June 25, 2021

Shabbat at Camp – Hineini

By Aaron Cantor

Hineini – “Here I am.”


This word, this statement, is used often by familiar characters from our past whenever they’ve encountered a profound moment or change. A statement meant to share with God that we are here, ready to offer our full self, an offer of total availability. That’s the feeling I had just before 9:30am on Sunday, June 20th. A full 22 months had passed since we last welcomed campers to EKC, and the significance of the moment was not lost on me, nor was it lost on any of our staff. Our entire team is all in on this summer. Saying Hineini on Shabbat also speaks to the spiritual readiness of our Jewish community at Camp. Saying “Here I am”, while at Camp shares that we’re ready to reflect on who we are, what’s important to us, how we can support others, and what we’ve contributed to our community over the past week. As we welcome Shabbat for the first time as a community, it is my hope that everyone will take a moment to say, Hineini.


The plot of Balak, this week’s Torah portion, repeats itself throughout Jewish texts and history. In this edition, a Moabite king named Balak fails to achieve his wish of cursing the Israelites. Not only does he fail (three different times), but his goal becomes inverted when the prophet Balaam blesses the Israelites with prosperity and success. As Balaam looked upon the Israelites with the intention to curse them, he was overwhelmed with a feeling of joy and peace and was only able to speak a blessing. One of Balaam’s blessings for Israel has since become a beloved prayer and song. “How good are your tents, O Jacob, Your dwellings, O Israel!” – we sing this most weeks at camp, and the transliteration may jog your memory: Mah tovu ohalecha, Ya’akov, mishk’notecha, Yirsael. This parsha also reminds me about finding the beauty in everyone and everything around us. That we all are made in the image of God, b’tzelem Elohim, and that we all treat each other at Camp (and everywhere) as such.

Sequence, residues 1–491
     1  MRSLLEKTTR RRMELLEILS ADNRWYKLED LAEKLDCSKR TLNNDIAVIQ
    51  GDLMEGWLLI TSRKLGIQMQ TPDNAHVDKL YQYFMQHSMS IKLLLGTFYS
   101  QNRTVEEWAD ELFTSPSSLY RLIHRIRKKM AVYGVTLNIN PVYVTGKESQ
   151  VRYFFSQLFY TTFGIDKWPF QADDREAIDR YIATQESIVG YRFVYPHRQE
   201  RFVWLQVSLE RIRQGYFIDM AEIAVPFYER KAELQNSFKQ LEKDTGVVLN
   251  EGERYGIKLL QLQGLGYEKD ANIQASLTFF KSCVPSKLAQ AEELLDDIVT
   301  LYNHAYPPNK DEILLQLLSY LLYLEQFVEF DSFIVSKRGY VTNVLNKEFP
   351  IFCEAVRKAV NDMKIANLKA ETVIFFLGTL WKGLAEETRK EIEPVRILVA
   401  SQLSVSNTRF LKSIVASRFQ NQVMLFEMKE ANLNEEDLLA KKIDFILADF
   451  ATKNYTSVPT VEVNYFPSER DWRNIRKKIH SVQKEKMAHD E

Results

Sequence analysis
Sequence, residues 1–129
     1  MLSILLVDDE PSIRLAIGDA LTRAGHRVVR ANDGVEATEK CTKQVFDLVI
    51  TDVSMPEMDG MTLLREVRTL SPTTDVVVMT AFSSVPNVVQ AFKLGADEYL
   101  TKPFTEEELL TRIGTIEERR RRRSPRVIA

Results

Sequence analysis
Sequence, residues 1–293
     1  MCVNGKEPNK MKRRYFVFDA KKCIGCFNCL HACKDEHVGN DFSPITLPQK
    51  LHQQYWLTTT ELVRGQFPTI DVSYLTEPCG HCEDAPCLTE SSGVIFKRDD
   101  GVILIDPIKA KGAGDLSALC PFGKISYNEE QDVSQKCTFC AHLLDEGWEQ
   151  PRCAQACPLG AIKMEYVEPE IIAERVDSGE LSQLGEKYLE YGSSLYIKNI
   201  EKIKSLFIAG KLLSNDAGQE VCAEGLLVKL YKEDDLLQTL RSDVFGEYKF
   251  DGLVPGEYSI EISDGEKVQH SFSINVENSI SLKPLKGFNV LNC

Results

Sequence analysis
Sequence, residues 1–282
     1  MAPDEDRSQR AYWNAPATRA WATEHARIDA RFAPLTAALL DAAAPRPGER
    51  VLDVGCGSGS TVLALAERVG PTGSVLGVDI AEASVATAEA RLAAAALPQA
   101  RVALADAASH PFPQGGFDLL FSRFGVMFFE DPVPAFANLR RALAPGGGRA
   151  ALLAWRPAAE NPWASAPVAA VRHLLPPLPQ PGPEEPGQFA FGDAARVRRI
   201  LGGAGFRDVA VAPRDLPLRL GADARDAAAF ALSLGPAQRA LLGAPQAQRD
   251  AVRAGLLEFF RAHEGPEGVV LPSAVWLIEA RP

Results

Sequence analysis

Now, as we make our way to the amphitheater to begin our Kabbalat Shabbat, we wish you a Shabbat Shalom,